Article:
Energy report: Bubble worries

Bubbles and rubble, toil and trouble, the marketplace started to worry about bubbles as we head into Fed week. Last week the petroleum complex swung wildly back and forth in the same old range and is rallying again but could the larger macroeconomic forces at some point get us out of this range?

Nouriel Roubini, the noted economist, reported in today's Financial Times that, "the mother of all carry trades faces an inevitable bust." Roubini says that this massive rally has been helped by a wave of liquidity from near-zero interest rates and quantitative easing. But a more important factor fuelling this asset bubble is the weakness of the U.S. dollar, driven by the mother of all carry trades. Roubini says that the U.S. dollar has become the major funding currency of carry trades as the Fed has kept interest rates down for a long time. Investors who are shorting the U.S. dollar to buy on a highly leveraged basis higher-yielding assets and other global assets are not just borrowing at zero interest rates in dollar terms; they are borrowing at very negative interest rates - as low as negative 10 or 20% annualized - as the fall in the U.S. dollar leads to massive capital gains on short dollar positions. In other words, traders are borrowing at negative 20% rates to invest in a highly leveraged basis on a mass of risky global assets that are rising in price due to excess liquidity and a massive carry trade. Every investor who plays this risky game looks like a genius even if they are just riding a huge bubble financed by a large negative cost of borrowing. Yet Roubini warns that, "one day this bubble will burst, leading to the biggest coordinated asset bust ever: if factors lead the dollar to reverse and suddenly appreciate - as was seen in previous reversals, such as the yen-funded carry trade - the leveraged carry trade will have to be suddenly closed as investors cover their dollar shorts. A stampede will occur as closing long leveraged risky asset positions across all asset classes funded by dollar shorts triggers a coordinated collapse of all those risky assets - equities, commodities, emerging market asset classes and credit instruments. A must read in today's Financial Times.

Oil is rallying mainly because the dollar is getting weaker. Still the bulls may point to some data out of China. Bloomberg News reported that China's manufacturing expanded at the fastest pace in 18 months and a government researcher said economic growth will accelerate this quarter. The Purchasing Managers' Index rose to a seasonally adjusted 55.2 in October from 54.3 in September, the Federation of Logistics and Purchasing said today in an e-mailed statement in Beijing. An index of export orders climbed to 54.5 from 53.3.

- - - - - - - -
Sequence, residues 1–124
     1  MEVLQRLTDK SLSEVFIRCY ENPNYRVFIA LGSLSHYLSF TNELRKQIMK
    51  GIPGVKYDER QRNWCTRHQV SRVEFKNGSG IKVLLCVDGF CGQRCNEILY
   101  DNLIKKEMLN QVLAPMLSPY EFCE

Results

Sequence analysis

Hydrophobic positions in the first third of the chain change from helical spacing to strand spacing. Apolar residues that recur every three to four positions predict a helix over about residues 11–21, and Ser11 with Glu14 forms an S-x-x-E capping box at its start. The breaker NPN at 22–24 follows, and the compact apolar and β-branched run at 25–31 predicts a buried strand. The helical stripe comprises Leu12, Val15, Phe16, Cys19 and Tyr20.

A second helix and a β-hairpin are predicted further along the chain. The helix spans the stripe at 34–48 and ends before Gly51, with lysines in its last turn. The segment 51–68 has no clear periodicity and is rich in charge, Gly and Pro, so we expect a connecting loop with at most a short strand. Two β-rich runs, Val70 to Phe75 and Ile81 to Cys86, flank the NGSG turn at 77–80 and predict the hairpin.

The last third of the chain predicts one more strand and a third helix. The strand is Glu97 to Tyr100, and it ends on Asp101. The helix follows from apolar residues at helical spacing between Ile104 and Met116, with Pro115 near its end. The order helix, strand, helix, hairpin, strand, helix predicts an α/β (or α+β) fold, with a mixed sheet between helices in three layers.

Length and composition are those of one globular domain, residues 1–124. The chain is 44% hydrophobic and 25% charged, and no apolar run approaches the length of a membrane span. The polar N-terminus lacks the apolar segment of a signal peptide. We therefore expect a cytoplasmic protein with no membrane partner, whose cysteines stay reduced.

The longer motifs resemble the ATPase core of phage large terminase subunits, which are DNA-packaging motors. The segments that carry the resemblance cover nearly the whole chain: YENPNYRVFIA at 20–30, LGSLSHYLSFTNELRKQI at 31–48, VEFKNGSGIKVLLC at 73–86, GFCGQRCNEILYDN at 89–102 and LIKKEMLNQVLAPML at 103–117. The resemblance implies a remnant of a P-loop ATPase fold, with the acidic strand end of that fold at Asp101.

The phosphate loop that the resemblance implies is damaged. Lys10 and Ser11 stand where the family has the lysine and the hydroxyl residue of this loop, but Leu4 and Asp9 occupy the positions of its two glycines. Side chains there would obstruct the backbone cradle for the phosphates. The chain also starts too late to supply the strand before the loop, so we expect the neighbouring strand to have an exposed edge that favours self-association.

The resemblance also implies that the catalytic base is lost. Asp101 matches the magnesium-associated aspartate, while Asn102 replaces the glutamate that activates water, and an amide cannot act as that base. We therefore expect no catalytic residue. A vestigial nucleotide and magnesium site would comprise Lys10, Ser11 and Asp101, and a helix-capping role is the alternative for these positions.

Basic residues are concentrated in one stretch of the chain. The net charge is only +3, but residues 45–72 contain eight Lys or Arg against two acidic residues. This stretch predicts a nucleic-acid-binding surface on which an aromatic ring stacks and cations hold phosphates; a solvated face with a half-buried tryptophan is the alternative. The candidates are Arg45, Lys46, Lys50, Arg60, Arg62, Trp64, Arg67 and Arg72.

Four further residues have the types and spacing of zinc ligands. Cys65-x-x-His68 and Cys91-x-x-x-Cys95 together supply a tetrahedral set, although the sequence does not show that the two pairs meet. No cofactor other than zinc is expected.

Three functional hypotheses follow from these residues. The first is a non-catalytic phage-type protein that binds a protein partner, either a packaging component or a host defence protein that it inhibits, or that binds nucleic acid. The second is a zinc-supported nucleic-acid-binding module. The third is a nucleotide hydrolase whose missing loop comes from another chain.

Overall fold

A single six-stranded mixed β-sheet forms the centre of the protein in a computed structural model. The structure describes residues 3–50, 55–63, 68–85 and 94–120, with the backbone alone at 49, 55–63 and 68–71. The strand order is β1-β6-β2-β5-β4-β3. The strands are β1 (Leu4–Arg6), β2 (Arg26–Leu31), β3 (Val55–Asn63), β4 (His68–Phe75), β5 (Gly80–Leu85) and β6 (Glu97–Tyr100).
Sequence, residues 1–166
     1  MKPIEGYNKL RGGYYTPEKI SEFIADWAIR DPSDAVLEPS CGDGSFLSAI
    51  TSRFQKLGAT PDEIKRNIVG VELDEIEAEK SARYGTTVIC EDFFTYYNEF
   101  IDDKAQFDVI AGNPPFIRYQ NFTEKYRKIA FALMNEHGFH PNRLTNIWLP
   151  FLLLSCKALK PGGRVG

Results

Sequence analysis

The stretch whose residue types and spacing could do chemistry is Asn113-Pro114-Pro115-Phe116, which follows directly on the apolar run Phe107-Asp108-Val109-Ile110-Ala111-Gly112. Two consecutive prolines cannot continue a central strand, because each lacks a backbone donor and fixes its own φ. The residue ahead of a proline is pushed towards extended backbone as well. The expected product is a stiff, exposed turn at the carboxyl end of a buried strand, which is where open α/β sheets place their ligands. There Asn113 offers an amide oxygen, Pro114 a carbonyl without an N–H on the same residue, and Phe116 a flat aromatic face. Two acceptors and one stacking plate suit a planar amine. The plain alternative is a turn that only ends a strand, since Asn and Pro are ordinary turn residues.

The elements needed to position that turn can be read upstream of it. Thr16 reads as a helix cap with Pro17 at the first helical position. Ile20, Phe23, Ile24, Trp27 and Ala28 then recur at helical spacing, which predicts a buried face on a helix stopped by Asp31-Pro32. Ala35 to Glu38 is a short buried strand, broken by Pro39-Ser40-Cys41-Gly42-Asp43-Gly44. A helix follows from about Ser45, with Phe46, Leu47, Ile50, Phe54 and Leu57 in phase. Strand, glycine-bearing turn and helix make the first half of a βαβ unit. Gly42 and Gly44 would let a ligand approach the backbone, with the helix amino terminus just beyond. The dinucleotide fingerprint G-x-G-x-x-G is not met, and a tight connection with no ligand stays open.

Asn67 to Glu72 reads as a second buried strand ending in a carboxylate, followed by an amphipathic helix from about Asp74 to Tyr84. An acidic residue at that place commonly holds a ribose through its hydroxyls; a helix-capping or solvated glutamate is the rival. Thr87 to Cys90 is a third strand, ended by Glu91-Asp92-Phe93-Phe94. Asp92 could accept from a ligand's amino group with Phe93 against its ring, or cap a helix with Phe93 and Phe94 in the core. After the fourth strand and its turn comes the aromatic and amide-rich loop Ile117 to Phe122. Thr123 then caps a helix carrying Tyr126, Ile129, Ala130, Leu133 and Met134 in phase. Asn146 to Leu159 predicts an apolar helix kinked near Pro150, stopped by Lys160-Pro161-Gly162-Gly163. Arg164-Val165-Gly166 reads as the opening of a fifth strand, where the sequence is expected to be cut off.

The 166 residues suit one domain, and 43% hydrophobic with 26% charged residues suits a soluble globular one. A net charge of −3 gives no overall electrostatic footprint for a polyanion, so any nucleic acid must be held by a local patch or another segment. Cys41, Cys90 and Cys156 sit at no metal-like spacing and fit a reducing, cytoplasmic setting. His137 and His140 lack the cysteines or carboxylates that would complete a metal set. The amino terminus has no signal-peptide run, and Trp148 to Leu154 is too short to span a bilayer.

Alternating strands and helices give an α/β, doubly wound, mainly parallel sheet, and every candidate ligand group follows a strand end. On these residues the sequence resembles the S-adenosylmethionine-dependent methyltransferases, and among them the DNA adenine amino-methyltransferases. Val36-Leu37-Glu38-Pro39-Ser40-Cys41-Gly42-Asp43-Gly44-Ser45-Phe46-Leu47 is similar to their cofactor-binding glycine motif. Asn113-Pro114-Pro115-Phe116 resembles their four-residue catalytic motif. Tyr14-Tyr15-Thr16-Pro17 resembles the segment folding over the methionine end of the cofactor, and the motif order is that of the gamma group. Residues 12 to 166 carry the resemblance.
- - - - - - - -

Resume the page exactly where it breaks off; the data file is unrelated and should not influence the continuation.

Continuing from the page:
Yet on the bearish side Bloomberg News is reporting that the, "Organization of Petroleum Exporting Countries raised crude-oil production last month to the highest level in 10 months as members took advantage of higher prices." A Bloomberg News survey showed output averaged 28.76 million barrels a day in October, up 80,000 barrels from September, according to the survey of oil companies, producers and analysts. The entire gain came from the 11 OPEC members with quotas, all except Iraq. The 11 countries pumped 26.31 million barrels a day, 1.465 million barrels above their target. Iraqi output was unchanged. OPEC cut output quotas by 4.2 million barrels to 24.845 million barrels a day last year as fuel demand tumbled during the worst recession since the 1930s. The group, which left the targets unchanged at a Sept. 9 meeting in Vienna, is set to meet again on Dec. 22 in Luanda, Angola.

Remember last week when it was reported that Saudi Arabia decided to drop the widely used West Texas Intermediate oil contract as the benchmark for pricing its oil and use the Argus sour crude index instead. I said that the NYMEX/CME Group may want to get ready to create a sour crude contract or buy the trading rights to the Argus contract just to be sure. Well guess what the CME Group announced on Friday. They will offer trading in Argus Sour Crude Index futures after Saudi Arabia's state-owned oil producer said it will abandon the company's main crude contract amid viability concerns. The CME will offer cash-settled swap futures on the index beginning Nov. 23.

Phil Flynn is senior energy analyst for PFGBest Research and a Fox Business Network contributor. He can be reached at (800) 935-6487 or at pflynn@pfgbest.com.

About the Author
Phil Flynn

Senior energy analyst at The PRICE Futures Group and a Fox Business Network contributor. He is one of the world's leading market analysts, providing individual investors, professional traders, and institutions with up-to-the-minute investment and risk management insight into global petroleum, gasoline, and energy markets. His precise and timely forecasts have come to be in great demand by industry and media worldwide and his impressive career goes back almost three decades, gaining attention with his market calls and energetic personality as writer of The Energy Report. You can contact Phil by phone at (888) 264-5665 or by email at pflynn@pricegroup.com. Learn even more on our website at www.pricegroup.com.

 

Futures and options trading involves substantial risk of loss and may not be suitable for everyone. The information presented by The PRICE Futures Group is from sources believed to be reliable and all information reported is subject to change without notice.


Comments
comments powered by Disqus